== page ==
July 1st was Canada Day, and a special one – the 150th anniversary of Canadian confederation. I’ve long wanted to write an article about pencils in Canada. Unfortunately, information is scarce, and after many years editing and writing this blog, I remain knowing very little. Still, perhaps there is a detail that might be of interest to readers, and perhaps you may have something to share!
Formal graphite mining in Canada probably started at the Miller or Keystone mine in Grenville-sur-la-Rouge (also known as Grenville), Quebec. The exact date may not be certain. The very informative Quebec Mines Bulletin cites 1845. Mining site Mindat.org suggests pre-1845, probably 1837 or 1838 and cites the Bulletin on Graphite, Mineral Resources of Canada, Ells, R. W. (1904).
This mine is still in existance in 2017!
I think this mine had a famous customer. Henry Petroski’s The Pencil mentions that Thoreau used Canadian graphite. His reference is to The Days of Henry Thoreau: A Biography, Walter Harding.
In a passage on the Thoreau pencil business in the 1830s, Harding mentions that after the Bristol and Tudor mines were exhausted:
And when that mine eventually closed, they turned to importing graphite from Canada.
John Thoreau must have used the Miller mine in Grenville as a graphite source.
(Did you know that Henry Thoreau visited Montreal and Quebec City as a tourist in 1850? There is a description (French language) of the trip in the essay Le voyage d’Henry David Thoreau au Canada en 1850 by George Gauthier-Larouche.)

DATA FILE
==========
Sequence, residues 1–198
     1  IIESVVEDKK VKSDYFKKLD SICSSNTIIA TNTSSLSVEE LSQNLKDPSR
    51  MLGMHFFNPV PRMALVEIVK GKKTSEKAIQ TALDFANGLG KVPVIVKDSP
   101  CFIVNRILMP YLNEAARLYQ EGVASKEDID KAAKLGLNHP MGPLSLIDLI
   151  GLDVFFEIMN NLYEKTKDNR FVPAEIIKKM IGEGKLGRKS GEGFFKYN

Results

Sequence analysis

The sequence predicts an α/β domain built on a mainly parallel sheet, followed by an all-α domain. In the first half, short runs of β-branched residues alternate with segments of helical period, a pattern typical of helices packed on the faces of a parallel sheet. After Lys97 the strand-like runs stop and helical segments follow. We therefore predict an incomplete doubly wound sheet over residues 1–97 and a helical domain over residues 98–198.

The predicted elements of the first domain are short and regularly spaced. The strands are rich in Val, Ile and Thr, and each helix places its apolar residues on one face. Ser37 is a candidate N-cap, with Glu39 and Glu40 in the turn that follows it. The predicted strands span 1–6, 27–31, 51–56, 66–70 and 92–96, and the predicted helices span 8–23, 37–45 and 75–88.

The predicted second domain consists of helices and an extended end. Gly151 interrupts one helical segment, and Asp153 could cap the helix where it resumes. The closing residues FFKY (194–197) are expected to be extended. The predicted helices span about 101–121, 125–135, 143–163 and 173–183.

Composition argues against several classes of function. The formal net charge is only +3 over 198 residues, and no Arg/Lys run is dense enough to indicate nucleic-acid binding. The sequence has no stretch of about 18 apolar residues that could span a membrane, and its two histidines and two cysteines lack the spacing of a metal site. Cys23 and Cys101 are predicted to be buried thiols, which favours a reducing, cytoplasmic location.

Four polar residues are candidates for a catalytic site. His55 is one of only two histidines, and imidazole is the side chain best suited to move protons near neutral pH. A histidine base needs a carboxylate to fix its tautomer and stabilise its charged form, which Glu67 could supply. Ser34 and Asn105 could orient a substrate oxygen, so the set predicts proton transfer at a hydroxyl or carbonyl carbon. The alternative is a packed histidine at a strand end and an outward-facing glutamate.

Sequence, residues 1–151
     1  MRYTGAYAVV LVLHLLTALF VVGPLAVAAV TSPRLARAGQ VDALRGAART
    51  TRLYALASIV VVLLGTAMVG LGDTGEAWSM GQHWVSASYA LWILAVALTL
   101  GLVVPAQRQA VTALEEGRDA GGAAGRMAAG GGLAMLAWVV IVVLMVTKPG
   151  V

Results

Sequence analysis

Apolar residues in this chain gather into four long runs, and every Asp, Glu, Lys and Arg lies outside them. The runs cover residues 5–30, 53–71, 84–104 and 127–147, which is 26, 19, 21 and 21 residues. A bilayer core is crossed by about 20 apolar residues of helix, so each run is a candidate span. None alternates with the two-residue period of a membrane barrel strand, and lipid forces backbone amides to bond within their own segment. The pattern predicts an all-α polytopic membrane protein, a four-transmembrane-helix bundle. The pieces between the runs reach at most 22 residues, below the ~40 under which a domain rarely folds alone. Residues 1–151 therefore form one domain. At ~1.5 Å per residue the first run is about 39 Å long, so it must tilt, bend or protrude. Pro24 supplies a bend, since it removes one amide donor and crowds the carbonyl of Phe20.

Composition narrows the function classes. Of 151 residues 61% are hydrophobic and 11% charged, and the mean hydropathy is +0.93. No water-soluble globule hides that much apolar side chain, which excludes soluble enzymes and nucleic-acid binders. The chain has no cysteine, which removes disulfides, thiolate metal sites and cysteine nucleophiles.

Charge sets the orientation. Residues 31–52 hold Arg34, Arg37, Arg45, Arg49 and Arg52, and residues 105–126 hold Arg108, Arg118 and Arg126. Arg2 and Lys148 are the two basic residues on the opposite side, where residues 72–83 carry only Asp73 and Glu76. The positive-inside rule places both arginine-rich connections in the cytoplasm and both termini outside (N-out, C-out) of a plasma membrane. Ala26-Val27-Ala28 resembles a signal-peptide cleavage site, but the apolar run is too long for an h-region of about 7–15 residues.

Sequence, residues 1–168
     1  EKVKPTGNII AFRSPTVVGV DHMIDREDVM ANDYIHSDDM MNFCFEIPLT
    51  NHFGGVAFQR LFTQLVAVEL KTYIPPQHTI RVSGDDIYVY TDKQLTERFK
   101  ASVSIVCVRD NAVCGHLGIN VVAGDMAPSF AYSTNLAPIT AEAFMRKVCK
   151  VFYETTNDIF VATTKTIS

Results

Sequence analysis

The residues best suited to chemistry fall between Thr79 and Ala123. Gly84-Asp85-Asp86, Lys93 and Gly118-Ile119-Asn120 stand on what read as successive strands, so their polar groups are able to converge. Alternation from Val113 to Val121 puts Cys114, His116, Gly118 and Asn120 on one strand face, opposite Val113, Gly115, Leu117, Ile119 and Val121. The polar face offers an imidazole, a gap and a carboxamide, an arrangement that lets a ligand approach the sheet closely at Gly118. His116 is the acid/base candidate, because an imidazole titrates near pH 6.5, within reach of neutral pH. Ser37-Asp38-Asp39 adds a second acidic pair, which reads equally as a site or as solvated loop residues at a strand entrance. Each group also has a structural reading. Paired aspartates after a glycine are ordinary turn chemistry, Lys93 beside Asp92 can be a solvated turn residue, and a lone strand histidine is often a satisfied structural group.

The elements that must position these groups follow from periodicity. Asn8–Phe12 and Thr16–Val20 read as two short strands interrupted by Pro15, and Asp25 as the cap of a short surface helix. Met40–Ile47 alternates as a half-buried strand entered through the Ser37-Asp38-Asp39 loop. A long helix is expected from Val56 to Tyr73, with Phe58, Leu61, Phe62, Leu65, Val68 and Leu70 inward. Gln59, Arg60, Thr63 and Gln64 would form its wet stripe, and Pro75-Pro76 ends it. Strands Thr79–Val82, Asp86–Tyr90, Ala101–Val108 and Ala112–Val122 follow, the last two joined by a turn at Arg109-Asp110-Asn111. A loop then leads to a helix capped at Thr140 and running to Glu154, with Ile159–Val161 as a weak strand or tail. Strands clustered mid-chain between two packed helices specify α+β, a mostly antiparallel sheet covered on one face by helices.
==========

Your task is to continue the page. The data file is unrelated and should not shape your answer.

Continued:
Petroski mentions that three US manufacturers all opened Canadian factories in 1932. Why the same year? I can only speculate that whoever was first spurred quick competition.
Dixon opened in the Toronto suburb of Newmarket. There is a Dixon Plaza named after the company, and they still have a small office in the locale.
Do you like the Caran d’Ache Swiss Wood pencil’s local nature? Dixon once made a similar Canadian pencil, the Chancellor, with Canadian wood, graphite, and manufacture. Heather at A Penchant for Paper owns one! I’d love to see one, but they seem to be exceedingly rare today.
Eberhard Faber located in Drummondville, Quebec.
Venus Pencil was in west end Toronto. I’m not honestly sure if it dates to 1932. There is a discount eyeglass company on the site now. Venus is know to Canadians for the Laurentien pencil crayon.
A blog reader told me one of the eonomic diversification projects that former Newfoundland premier Joey Smallwood championed was a pencil factory. Is this true? I would love to see a Newfoundland pencil!
And two resource notes: Petroski mentions that Canadian graphite again came to the rescue during WWII when other sources were unavailable. Staedtler have mentioned (with little detail) using Canadian cedar.
CNP Industries – this was apparently a short-lived Quebec pencil company. Have you heard of it?
Northern Pencils A briefly alive slat supplier?
Can any readers share more about pencils in Canada?